Composting – A Primer

As per Daily Dump’s research approximately 60% of our household waste is organic waste. As waste becomes a growing problem across large cities of the world, many are adopting composting as a way to reduce the burden on landfills and incenerators. As a city-dweller, you can help out by composting at home – it not only supports your city but also helps you re-build your connection with the natural world! Here, we present to you a primer on how to get started!

  • What is organic waste?

Examples of organic waste are food, kitchen and garden waste. These are all made of biodegradable matter that breaks down naturally with time into carbon dioxide, water, methane or simple organic molecules.

Composting is a natural biological process, carried out under controlled aerobic conditions (requires oxygen).   In this process, various microorganisms, including bacteria and fungi, break down organic matter into simpler substances.   The effectiveness of the composting process is dependent upon the environmental conditions present within the composting system i.e. oxygen, temperature, moisture, material disturbance, organic matter and the size and activity of microbial populations.
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  • What is composting?

Composting is a natural biological process that helps breakdown organic matter. In nature, it requires the presence of oxygen and the help of various microorganisms, including bacteria and fungi, that break down organic matter into simpler substances. The effectiveness of the composting process is dependent upon the various environmental conditions such as: presence of oxygen, temperature, moisture, organic matter and the size and activity of microbial populations. The result of this process is the conversion of waste into ‘compost’ which is a sweet-smelling dark crumbly mix of humus. Composting is relatively simple to manage and can be carried out on a wide range of scales in almost any indoor or outdoor environment and in almost any geographic location.

  • Why is compost useful?

There are many advantages to composting our waste. You not only reduce your own waste footprint on the city’s infrastructure but also help improve the soil in your garden and neighbourhood. Compost also helps the soil retain moisture. It improves the soil food web, which is made up of microscopic bacteria and fungi, along with earthworms, crickets, and many other life forms. Many fungi form symbiotic, or mutually rewarding, partnerships with plant roots, making it possible for vegetables to feed themselves more efficiently.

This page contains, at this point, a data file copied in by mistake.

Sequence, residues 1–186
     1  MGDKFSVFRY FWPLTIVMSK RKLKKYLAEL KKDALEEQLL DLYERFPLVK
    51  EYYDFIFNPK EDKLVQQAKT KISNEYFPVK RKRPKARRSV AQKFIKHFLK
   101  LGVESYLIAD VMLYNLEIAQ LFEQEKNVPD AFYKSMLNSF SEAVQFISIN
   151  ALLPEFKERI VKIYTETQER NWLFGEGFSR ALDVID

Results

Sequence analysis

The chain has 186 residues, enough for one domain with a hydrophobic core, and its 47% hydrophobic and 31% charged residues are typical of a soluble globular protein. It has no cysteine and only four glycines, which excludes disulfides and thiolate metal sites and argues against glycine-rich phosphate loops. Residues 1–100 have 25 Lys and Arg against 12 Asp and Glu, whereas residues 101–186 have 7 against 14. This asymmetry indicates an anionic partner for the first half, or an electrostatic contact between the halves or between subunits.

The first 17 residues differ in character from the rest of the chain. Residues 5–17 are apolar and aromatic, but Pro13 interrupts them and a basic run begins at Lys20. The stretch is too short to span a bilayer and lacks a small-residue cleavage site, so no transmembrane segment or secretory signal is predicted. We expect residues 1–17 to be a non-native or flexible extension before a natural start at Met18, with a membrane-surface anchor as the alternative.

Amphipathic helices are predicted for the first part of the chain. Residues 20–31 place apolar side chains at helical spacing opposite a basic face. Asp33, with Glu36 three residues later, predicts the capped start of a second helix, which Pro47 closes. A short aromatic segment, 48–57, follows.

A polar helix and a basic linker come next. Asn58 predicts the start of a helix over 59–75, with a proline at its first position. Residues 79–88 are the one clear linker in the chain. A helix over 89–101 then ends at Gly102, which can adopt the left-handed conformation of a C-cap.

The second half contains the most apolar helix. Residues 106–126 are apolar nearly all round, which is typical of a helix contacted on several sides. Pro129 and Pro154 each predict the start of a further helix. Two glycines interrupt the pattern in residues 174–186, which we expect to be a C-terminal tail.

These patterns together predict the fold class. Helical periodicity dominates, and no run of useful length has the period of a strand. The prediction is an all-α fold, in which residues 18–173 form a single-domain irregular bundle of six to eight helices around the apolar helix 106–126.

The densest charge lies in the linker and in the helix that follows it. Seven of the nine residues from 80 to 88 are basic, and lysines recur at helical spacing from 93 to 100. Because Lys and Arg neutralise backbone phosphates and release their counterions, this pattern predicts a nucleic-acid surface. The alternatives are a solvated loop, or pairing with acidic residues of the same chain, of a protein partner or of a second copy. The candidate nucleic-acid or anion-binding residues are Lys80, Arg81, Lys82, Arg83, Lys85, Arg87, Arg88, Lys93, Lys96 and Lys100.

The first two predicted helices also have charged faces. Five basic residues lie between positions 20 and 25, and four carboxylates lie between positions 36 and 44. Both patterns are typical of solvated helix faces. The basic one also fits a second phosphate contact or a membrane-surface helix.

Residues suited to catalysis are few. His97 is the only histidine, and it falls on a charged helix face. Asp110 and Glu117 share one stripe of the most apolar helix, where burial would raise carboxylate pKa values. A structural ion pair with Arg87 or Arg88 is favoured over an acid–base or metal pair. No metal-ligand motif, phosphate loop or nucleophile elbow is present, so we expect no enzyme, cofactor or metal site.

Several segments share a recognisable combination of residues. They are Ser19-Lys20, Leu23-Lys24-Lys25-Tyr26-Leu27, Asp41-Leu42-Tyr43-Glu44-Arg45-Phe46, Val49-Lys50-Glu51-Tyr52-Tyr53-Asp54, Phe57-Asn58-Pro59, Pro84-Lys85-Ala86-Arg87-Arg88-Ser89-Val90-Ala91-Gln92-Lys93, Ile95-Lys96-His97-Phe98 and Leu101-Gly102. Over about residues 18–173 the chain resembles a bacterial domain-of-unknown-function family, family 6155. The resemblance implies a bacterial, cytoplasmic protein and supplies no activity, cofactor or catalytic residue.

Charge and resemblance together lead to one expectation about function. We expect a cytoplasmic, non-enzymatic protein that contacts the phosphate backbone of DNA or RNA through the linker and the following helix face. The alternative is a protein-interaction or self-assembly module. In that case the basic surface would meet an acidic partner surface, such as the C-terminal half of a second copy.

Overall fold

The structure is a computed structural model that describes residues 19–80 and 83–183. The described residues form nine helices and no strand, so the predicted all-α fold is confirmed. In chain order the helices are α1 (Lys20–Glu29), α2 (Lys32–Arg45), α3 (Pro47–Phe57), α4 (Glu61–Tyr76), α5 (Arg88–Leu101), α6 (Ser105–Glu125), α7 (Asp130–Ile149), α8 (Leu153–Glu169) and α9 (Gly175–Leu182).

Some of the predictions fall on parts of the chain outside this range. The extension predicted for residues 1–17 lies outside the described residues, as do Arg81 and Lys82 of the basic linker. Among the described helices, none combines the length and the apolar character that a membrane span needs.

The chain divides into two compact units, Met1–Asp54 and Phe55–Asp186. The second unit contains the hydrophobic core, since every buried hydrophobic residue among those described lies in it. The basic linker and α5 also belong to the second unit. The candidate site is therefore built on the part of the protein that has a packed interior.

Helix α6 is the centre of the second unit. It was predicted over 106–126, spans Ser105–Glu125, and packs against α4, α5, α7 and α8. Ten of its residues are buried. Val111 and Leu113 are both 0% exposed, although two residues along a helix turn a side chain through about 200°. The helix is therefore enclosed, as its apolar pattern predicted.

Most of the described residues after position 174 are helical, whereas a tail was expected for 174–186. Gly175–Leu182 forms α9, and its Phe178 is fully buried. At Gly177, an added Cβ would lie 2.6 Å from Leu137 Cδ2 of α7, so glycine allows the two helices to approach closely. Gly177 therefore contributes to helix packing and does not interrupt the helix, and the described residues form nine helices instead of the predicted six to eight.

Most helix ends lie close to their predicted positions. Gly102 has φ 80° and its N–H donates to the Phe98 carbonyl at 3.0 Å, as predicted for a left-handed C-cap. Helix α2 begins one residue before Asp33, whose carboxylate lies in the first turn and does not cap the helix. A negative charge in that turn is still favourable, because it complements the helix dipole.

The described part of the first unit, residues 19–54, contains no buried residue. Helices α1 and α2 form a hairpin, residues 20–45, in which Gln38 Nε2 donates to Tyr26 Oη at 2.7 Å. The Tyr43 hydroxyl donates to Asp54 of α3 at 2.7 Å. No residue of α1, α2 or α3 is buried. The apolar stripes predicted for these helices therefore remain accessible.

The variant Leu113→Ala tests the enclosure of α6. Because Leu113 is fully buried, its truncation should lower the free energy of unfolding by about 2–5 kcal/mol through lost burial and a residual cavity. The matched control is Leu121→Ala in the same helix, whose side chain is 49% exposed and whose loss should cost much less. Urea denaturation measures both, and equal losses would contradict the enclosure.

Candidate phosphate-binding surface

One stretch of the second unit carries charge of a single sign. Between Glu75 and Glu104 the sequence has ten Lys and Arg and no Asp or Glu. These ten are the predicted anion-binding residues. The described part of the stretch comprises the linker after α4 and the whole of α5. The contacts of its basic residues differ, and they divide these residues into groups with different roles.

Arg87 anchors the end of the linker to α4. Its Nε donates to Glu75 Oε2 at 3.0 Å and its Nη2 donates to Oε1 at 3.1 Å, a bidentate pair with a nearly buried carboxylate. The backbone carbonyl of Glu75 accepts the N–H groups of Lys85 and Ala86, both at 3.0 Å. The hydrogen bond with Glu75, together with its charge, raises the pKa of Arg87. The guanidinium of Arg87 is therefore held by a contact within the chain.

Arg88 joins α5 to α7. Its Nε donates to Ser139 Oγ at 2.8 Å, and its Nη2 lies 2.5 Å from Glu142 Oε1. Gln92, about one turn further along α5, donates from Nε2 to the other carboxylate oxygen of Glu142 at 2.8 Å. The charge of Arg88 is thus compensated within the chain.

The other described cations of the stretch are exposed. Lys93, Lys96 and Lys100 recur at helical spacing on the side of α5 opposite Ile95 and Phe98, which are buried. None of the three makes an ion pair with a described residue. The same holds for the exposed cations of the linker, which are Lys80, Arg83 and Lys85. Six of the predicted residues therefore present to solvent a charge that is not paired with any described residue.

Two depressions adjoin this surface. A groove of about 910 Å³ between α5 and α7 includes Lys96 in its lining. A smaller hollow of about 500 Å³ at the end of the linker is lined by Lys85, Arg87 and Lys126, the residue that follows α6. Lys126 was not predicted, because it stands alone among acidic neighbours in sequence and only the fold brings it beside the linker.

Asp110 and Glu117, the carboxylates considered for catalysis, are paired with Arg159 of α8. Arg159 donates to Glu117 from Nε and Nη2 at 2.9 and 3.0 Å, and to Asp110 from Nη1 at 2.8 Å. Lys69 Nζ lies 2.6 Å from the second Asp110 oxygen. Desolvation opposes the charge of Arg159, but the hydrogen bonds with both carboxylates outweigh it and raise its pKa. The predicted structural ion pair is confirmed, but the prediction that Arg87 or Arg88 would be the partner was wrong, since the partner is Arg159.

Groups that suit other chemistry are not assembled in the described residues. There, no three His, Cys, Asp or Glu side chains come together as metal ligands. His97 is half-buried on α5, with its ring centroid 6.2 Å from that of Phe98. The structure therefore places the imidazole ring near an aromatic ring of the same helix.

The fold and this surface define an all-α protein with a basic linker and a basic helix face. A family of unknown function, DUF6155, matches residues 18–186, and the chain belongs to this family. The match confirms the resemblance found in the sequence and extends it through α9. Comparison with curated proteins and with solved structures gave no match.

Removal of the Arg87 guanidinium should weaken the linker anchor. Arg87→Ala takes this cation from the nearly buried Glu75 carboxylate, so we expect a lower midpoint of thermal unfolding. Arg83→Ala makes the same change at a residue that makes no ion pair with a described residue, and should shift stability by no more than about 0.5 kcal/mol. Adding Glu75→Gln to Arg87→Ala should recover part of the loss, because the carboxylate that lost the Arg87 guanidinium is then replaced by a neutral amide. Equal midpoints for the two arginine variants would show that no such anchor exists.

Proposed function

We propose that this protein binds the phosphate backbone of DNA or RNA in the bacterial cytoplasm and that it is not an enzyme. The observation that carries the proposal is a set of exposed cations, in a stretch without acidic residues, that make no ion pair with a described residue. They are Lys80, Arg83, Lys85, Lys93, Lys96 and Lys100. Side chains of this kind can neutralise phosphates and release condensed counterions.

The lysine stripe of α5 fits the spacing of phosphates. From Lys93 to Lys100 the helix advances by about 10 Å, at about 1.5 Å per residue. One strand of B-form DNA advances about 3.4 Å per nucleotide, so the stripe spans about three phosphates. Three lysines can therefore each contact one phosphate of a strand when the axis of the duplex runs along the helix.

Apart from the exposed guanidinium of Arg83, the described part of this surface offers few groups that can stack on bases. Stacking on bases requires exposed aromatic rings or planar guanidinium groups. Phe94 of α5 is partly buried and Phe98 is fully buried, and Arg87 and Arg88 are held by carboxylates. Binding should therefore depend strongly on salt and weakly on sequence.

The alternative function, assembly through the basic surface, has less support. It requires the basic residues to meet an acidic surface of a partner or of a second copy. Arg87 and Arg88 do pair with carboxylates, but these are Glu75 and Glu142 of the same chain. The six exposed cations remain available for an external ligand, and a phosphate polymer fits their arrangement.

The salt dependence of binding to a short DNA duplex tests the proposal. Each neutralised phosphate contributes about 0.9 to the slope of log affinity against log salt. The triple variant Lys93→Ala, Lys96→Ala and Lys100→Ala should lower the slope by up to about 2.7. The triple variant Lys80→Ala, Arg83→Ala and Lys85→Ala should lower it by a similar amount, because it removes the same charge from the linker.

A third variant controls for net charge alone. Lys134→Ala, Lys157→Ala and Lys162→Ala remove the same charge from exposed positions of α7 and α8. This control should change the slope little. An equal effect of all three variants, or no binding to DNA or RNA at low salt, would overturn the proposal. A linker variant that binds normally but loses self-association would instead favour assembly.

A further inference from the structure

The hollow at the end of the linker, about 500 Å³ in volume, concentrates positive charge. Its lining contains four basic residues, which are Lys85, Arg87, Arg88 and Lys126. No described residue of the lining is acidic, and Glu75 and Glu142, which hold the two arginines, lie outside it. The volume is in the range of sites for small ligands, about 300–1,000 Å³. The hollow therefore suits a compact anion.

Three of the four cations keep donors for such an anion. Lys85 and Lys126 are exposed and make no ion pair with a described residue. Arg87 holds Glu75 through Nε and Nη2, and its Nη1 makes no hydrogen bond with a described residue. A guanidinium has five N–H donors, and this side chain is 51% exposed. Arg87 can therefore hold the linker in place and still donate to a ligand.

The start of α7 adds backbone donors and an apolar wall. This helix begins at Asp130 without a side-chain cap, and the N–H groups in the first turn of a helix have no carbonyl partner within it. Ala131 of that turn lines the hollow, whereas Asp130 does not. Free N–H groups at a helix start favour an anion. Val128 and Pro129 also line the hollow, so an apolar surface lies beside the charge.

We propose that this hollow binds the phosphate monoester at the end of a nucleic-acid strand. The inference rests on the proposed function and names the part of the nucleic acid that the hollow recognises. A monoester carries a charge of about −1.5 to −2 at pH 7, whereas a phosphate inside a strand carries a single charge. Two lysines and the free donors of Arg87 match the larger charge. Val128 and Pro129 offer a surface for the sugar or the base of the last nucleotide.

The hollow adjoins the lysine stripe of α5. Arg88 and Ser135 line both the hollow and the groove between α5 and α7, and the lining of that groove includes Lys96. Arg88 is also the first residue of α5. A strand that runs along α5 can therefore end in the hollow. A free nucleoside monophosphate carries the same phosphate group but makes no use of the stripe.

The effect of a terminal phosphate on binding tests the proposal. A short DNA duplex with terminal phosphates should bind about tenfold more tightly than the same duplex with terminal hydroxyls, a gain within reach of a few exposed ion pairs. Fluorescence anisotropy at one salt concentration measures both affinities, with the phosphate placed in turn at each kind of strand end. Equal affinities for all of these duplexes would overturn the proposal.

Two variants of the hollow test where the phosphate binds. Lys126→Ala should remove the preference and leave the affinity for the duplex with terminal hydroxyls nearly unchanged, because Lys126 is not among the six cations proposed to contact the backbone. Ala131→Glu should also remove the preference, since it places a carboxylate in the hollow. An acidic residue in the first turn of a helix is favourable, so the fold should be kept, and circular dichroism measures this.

• How do I compost at home?

If you are a beginner to home composting, start off with the most popular method: aerobic composting in a pot. The instructions below from the organisation Chintan can help you begin with a ‘do it yourself’ composting system.

  • Instructions for making a home composting system

Aerobic composting is done above-ground with the help of microorganisms that consume and decompose organic waste matter in an aerated environment. You can make the composting container yourself or buy one. Usually, three pots are used, stacked one on top of the other.

  1. Begin by segregating your waste and keeping your wet waste in a separate container.
  2. Once the wet waste container is full, put its contents into the first compost pot.
  3. Add dried leaves of the same quantity as the waste. Add semi-composted material, buttermilk or cow dung to start off the decomposition process.
  4. Turn the pile around every other day. The pile has to be kept at the right level of dampness. If it is too wet, add dried leaves and stir. If it is too dry, add water and stir.
  5. Once full, leave the pot open for 30–45 days for the composting to happen.
  6. Once the container is full, move the semi-composted matter into a larger container or bin. After two months, the waste will turn into rich compost that can be used or sold as manure.

Our friends at Daily Dump have perfected this model of pot composting further in the form of the ‘khamba’ which incorporates 3 pots stacked together. It is now seen as a widely adopted method for composting at home in cities. You can make a DIY version of this with your own 3 pots also.

FULL DISCLOSURE: Daily Dump is a friend of TCC. We do not get any revenue from the sale of their products. We recommend them because we think its the most easiest, efficient and eco-friendly model of composting at home and use it ourselves.

  • What if I face any problems of challenges?

Do not worry if you don’t get the composting process right immediately. Note the problem and look it up here for easy troubleshooting. We are sure, with some patience and love, you will get it right and have the chance to give back to your city!